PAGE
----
While we will never copy the system of deploying leaders in the armed forces (we should take a serious look at their leadership development models, though, as they make ours look very poor indeed), I suspect multi-academy trusts (MATs) will change the labour market around leaders in the next few years.
I foresee many more MATs adopting a central deployment model, whereby the operational needs of the MAT mean that headteachers, other senior leaders and middle leaders (and teachers of shortage subjects, too, for that matter) are deployed or seconded to other schools in the MAT where they are most needed. I’ll wager, also, that the average tenure of a headteacher in a MAT will be less than the average of all schools.
Not just leaders
But my argument is not just about leadership. All teachers at all levels need to consider how long they should stay in post.
On a sunny day in 2005, I had a crucial conversation with a colleague on the school playing field while we were on duty. Mark looked miserable and I asked him what was wrong. He replied that he’d had enough of working at our school. He was a highly experienced teacher in a shortage subject and a middle leader to boot. I encouraged him to look elsewhere as he would be snapped up very quickly.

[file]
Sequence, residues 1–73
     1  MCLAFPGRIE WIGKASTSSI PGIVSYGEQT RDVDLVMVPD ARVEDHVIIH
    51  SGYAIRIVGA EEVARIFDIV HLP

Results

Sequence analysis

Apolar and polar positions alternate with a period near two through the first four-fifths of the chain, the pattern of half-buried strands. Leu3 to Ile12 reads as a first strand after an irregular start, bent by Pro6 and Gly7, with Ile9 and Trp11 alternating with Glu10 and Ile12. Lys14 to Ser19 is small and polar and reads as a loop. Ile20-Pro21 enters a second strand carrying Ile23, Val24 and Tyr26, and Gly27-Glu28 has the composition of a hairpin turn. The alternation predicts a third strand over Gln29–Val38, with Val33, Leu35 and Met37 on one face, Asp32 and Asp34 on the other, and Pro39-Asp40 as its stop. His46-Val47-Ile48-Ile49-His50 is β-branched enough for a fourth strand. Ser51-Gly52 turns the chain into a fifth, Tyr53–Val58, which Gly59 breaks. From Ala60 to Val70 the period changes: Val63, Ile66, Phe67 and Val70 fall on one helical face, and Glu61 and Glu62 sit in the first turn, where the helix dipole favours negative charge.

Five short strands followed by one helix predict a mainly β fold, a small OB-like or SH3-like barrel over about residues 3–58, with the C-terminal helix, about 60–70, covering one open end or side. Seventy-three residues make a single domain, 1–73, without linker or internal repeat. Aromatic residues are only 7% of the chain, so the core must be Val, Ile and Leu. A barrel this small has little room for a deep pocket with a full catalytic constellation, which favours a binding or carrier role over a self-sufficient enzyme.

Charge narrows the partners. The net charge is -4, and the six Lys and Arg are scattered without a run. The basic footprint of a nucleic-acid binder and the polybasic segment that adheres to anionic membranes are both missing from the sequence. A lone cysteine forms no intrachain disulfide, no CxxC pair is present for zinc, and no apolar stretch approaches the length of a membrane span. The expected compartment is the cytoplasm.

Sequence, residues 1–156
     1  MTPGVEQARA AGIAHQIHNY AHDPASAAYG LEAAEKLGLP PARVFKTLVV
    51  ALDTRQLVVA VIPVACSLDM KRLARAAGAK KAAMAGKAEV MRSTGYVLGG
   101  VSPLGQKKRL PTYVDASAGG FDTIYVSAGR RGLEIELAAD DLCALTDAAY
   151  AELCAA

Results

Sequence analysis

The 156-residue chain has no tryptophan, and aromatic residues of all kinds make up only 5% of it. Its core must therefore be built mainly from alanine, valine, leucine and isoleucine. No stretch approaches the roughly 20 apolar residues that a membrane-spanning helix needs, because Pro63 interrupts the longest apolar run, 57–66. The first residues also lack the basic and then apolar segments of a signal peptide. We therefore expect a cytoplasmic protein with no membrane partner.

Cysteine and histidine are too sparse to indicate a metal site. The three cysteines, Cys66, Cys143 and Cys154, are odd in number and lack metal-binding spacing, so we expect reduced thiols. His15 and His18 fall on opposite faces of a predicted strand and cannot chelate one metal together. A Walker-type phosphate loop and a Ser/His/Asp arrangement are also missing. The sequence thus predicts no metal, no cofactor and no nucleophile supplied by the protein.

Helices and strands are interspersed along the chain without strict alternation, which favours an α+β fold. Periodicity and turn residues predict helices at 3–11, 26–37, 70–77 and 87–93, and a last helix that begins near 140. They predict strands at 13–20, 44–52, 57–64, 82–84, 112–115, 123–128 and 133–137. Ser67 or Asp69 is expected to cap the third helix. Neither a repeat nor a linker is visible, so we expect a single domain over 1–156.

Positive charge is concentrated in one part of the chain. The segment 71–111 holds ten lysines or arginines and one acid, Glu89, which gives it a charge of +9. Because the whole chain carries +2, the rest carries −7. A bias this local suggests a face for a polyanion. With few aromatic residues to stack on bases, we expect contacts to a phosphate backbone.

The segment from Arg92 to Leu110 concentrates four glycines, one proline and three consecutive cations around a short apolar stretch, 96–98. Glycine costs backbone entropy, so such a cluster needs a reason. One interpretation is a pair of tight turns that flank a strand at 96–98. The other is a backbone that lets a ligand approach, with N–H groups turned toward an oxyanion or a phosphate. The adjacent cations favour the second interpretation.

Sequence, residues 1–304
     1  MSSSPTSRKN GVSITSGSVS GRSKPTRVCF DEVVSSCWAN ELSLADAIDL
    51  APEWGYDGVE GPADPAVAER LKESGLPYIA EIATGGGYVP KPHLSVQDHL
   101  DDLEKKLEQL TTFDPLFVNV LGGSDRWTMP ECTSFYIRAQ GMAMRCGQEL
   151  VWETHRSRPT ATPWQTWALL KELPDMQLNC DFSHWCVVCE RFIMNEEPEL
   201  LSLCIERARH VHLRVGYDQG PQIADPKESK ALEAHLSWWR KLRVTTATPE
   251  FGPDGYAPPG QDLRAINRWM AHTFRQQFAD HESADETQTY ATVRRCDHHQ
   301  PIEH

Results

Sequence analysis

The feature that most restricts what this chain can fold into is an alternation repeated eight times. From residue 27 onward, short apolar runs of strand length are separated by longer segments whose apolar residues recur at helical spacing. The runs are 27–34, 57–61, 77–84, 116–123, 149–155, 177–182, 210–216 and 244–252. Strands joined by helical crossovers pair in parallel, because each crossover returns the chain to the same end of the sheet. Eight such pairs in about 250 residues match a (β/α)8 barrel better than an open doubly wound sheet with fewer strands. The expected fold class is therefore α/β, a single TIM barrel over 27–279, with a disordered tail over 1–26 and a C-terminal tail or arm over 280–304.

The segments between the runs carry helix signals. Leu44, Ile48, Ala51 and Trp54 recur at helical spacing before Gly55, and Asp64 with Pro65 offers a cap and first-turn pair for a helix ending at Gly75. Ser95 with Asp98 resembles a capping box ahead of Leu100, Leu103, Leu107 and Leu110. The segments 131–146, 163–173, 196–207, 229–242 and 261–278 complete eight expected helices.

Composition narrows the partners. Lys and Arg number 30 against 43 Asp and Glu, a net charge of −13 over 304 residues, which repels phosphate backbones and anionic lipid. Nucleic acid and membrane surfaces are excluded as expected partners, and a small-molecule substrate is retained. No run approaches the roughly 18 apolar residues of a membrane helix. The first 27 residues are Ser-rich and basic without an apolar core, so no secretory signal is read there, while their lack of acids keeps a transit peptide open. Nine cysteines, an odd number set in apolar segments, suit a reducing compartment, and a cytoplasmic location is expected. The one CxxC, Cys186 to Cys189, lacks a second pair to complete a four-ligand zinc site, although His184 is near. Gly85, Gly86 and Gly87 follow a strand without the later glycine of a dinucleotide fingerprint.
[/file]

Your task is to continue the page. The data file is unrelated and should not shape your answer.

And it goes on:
“I can’t. Everyone knows and respects me here. I can’t move on. I’ll have to establish myself with the kids and the staff all over again.”
“How many years to retirement, Mark?”
“Great. Are you really going to get up every day for the next 15 years, dreading coming to work here?”
This is the worst possible situation to be in and needs to be avoided at all costs. There is much for teachers to gain by moving schools, – many of the reasons are the same as those for school leaders – and if those teachers are seeking promotion, the reasons become even more compelling.
Good governing bodies have open conversations with their headteachers about succession planning and good headteachers have the same discussions with their staff.
As our deputy headteacher says to me: “I do want to be a headteacher. I just want to be headteacher here.” Message received and understood, Alex.